Ricoh WG-4 GPS Review -- First Impressions
by Mike Tomkins
Preview posted 02/05/2014
The Ricoh WG-4 GPS follows on from last year's Pentax WG-3 GPS, and as will be immediately obvious, perhaps the most significant change for this year is the brandname. We've known for a long time that it was coming, as Ricoh has been very clear about its plans for Pentax. The Ricoh brand will be used for all fixed-lens cameras going forwards, while the Pentax brandname will be reserved solely for interchangeable-lens cameras.
Beyond the new brandname, the Ricoh WG-4 GPS is a very minor update indeed. In terms of physical design, it is near-identical to its predecessor, with only some tweaks to the screen-printed markings denoting the difference between the new model and its predecessor. The WG-4 GPS thus still has a very aggressive, chunky aesthetic that positively screams "durability". (And when we tested the earlier model in last year's waterproof camera roundup, we did indeed find the design to be durable.)
Perhaps the most significant new feature for this year is the debut of a new line of mounting accessories that work not only with the WG-4 GPS, but with all WG-series cameras to date. Inside, there are only three changes we can find between the WG-4 GPS and its predecessor, of which two are firmware additions, and one a hardware subtraction. Let's take a look at what's new!
Action mounts. There are three new camera mounts to choose from for the Ricoh WG-4 GPS and other WG-series cameras. Each attaches via the O-CH1470 WG Holder, an accessory compatible with all cameras in the WG line.
The O-CM1471 WG Adhesive Mount can be affixed to smooth items like helmets, canoes, and bicycles with adhesive tape, great for recording a first-person view or getting a shot of yourself in the center of the action. Since the adhesive tape can't be reused, you can buy more tape in the O-CM1474 WG Repair Parts 1 kit.
The O-CM1472 WG Handlebar Mount clamps onto pipes and frames, making for a reusable mount that's ideal for bicycles, motorcycles, hang gliders and more. Finally, the O-CM1473 WG Suction Cup Mount provides a reusable alternative to the WG Adhesive Mount when shooting from a smooth surface that's conducive to suction-mounting.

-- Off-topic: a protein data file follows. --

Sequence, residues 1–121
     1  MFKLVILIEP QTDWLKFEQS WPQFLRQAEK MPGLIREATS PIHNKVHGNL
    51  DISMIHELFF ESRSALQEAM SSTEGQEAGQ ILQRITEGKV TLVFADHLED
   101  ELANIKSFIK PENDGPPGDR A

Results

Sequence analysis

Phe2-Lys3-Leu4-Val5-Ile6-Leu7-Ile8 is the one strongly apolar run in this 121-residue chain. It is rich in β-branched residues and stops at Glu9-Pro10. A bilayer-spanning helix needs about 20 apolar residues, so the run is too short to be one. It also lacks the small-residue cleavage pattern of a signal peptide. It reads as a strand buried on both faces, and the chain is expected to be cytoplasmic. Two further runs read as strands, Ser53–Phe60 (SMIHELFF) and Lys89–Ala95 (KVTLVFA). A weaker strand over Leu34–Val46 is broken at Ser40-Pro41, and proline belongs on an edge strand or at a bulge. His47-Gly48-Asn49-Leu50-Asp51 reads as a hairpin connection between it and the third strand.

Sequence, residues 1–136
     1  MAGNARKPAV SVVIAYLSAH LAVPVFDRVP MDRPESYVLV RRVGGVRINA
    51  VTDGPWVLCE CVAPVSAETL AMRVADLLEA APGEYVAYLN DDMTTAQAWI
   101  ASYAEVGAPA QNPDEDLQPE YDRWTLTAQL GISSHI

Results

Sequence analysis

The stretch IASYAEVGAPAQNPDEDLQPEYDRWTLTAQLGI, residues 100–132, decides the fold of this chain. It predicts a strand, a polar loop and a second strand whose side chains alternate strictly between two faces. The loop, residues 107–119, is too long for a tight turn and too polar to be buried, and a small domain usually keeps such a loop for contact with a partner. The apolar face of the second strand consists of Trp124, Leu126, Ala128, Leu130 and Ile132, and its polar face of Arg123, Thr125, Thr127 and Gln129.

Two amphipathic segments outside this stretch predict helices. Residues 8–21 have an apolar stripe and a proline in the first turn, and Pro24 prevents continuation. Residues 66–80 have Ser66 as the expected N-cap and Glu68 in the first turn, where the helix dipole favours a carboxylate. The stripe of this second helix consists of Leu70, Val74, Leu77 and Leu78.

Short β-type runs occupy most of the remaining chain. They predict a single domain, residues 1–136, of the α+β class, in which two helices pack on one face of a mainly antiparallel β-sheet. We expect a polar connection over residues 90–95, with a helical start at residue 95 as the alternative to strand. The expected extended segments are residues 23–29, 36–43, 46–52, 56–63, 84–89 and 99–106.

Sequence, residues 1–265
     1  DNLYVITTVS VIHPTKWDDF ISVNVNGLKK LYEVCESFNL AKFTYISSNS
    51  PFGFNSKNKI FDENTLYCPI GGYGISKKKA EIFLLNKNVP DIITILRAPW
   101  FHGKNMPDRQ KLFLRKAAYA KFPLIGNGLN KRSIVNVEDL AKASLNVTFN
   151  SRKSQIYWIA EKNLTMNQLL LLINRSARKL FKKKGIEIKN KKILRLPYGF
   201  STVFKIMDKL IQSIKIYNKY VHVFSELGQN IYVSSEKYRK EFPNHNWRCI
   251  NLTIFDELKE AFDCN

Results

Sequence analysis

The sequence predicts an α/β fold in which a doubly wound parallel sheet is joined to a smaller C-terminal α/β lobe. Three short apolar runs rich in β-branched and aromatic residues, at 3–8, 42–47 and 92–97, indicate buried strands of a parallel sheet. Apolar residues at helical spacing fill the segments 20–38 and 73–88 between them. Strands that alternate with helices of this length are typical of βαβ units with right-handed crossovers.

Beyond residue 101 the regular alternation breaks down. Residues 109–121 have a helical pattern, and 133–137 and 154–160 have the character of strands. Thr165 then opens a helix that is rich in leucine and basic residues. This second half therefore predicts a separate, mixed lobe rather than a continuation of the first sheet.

No inductive charging. The Pentax WG-3 GPS was the first rugged camera to feature inductive charging, a technology that allows cable-free charging simply by placing the camera body on an inductive charging pad. Sadly, that feature is no longer present in the Ricoh WG-4 GPS. The omission is quite understandable, though, because the extra hardware adds to the cost of the camera, and inductive charging still hasn't really caught on with the buying public. Compared to a cabled charger, it's comparatively slow, inefficient, and not entirely reliable. We doubt many WG-3 GPS owners took advantage of the feature -- and indeed, heard from a couple who'd tried and been unable to figure out how to get it working -- so why spend the money to include it?
Exposure. The two firmware changes in the Ricoh WG-4 GPS as compared to its predecessor, the Pentax WG-3 GPS, both relate to its exposure modes. The WG-3 GPS didn't offer priority-mode shooting; the WG-4 GPS does. Specifically, it allows shutter-priority capture, so you can freeze or blur moving subjects intentionally. Aperture and ISO sensitivity remain under automatic control. There's still no aperture-priority mode, although obviously you can push apertures in the direction of your choosing by dialing the shutter speed in the opposite direction.
There's also a new User mode, which allows you to save settings for later recall. Figured out a setup that works nicely in a common shooting location, for your favorite sport, or something else along those lines? If so, getting the camera set back up to shoot in that particular environment can now be much easier.